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Does Jesus care?

Lk. 10:38-42

Jesus entered a village where a woman whose name was Martha welcomed him. She had a sister named Mary who sat beside the Lord at his feet listening to him speak. Martha, burdened with much serving, came to him and said, "Lord, do you not care that my sister has left me by myself to do the serving? Tell her to help me." The Lord said to her in reply, "Martha, Martha, you are anxious and worried about many things. There is need of only one thing. Mary has chosen the better part and it will not be taken from her."

We might often think of this Gospel as the Better Part Gospel. Mary prefers to listen to Jesus, while Martha tries to show her care and concern by getting everything ready. The two get in a tizzy, and Martha calls Jesus to referee. Jesus shows no interest in their squabble but brings everything to another plane by validating Mary's choice to stay listening to him.

But before Jesus imparts his wisdom, I think it is interesting to listen to Martha's complaint because we might have similar worries in our minds and hearts.


Jesus was a friend and a familiar face in their household. The three siblings, Lazarus, Martha, and Mary, considered themselves close to Jesus. It seems that sometimes when he needed to get away from the concerns of life, he would go to them. So, where does the title "Lord" come from? Why would she address him so formally in an informal setting? Mary feels far off from Jesus. She perceives a lot of distance. Maybe she is jealous of her sister, sitting there so contently at the feet of Jesus.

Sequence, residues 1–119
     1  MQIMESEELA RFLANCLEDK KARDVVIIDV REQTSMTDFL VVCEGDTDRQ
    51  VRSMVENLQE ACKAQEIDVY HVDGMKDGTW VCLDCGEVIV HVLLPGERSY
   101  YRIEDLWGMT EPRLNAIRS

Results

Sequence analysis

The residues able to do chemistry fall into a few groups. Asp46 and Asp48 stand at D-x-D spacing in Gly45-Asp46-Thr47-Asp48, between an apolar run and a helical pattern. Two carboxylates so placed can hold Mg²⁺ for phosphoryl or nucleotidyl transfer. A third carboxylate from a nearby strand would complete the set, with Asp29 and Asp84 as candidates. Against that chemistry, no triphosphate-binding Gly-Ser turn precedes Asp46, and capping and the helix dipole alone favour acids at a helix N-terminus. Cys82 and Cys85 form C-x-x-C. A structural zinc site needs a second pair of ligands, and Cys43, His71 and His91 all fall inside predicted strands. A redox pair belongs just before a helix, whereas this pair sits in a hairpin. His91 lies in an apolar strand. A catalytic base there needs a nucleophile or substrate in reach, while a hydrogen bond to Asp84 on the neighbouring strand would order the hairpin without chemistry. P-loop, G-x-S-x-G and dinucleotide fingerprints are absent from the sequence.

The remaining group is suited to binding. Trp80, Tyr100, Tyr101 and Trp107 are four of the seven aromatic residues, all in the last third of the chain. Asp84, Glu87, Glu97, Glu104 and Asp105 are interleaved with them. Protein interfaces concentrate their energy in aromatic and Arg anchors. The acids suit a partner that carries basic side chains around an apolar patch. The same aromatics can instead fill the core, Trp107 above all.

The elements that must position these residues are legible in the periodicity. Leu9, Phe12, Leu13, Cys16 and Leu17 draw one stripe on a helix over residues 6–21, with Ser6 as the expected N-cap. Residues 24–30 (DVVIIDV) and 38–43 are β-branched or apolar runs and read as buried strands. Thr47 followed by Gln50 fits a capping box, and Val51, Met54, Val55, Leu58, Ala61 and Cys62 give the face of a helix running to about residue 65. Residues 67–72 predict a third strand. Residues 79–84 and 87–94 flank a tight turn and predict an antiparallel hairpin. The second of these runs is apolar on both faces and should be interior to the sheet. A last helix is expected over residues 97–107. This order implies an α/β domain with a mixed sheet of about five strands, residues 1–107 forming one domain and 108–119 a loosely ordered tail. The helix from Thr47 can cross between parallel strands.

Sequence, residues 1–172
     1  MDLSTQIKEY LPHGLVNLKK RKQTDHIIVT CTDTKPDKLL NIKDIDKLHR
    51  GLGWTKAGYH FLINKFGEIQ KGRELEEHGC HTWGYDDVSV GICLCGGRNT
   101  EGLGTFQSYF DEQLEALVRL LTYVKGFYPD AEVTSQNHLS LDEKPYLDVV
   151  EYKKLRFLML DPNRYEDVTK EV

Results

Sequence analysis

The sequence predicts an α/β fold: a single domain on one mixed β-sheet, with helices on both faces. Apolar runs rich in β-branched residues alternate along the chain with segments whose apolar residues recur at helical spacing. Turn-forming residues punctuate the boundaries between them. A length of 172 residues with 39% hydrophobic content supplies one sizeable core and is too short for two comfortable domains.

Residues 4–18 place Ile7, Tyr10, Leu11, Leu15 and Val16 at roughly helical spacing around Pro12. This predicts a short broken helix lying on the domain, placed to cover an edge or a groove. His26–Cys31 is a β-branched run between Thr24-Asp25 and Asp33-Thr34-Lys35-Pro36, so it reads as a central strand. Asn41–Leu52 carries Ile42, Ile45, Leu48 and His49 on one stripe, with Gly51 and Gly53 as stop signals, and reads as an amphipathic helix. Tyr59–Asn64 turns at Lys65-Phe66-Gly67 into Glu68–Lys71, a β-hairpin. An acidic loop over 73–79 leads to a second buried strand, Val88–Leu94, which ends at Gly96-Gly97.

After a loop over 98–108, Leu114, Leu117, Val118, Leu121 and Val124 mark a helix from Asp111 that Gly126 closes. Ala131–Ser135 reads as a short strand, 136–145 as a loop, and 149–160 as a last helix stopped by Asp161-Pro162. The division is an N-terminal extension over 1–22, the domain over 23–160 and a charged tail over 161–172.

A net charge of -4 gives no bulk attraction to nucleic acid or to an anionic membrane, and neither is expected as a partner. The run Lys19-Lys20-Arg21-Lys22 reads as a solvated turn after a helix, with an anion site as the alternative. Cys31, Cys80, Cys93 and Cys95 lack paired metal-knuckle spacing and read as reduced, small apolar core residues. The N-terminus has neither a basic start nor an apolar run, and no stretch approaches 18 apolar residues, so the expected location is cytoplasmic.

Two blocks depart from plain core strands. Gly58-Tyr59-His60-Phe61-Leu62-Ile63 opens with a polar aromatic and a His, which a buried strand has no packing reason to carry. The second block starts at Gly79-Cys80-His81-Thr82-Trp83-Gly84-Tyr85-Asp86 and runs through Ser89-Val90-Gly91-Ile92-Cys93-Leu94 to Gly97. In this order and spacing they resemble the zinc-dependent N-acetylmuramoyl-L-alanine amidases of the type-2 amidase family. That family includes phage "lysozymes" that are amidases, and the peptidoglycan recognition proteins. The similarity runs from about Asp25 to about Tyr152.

Do you not care?

Imagine Martha's voice at this point. Is it tremulous? Is she afraid the answer might be affirmative? Is she complaining that too often, she has found that the people in her life do not care about her, even if this is only her perception? Something deep and painful is at the root of this phrasing of the question.

By myself

Martha perceives that she is left alone. She is good enough to be everybody's servant, but when it is time to relax and celebrate, she has to go to the kitchen and wash the dishes. She feels used for other people's convenience and does not feel loved for who she is.


The Greek word for conversion is "metanoia," which means literally a "changing of the mind." It is not something superficial, skin-deep, but refers to the depths of the soul. Martha needs a metanoia, a conversion so that she can receive the love of Jesus. This is what he is trying to achieve by pointing at her sister. She needs to change her attitude and her actions so that she can receive the love of God. Too often, we can write ourselves off, thinking that we are unworthy of God's love. But he is always waiting for us to come and sit at his feet, listen to his words, and fall in love once again.

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